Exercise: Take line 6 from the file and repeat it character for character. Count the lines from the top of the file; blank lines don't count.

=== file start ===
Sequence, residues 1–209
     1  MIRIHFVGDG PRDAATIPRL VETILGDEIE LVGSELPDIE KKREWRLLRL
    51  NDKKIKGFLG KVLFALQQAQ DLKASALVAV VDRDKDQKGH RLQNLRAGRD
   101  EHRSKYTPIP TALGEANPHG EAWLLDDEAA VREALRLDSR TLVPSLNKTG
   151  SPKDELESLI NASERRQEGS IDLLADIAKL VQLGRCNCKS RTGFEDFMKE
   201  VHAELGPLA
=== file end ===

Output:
   201  VHAELGPLA